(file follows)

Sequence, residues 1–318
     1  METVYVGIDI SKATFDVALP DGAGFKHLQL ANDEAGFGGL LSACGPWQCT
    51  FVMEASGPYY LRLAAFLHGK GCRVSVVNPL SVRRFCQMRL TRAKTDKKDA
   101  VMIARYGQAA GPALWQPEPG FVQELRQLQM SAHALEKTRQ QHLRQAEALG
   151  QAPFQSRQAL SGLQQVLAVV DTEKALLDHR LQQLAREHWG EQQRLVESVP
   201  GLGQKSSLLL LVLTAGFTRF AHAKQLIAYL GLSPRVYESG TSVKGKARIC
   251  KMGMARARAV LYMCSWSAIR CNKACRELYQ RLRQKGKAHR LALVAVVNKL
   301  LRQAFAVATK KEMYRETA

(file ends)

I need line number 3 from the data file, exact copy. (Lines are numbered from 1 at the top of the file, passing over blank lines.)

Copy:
    51  FVMEASGPYY LRLAAFLHGK GCRVSVVNPL SVRRFCQMRL TRAKTDKKDA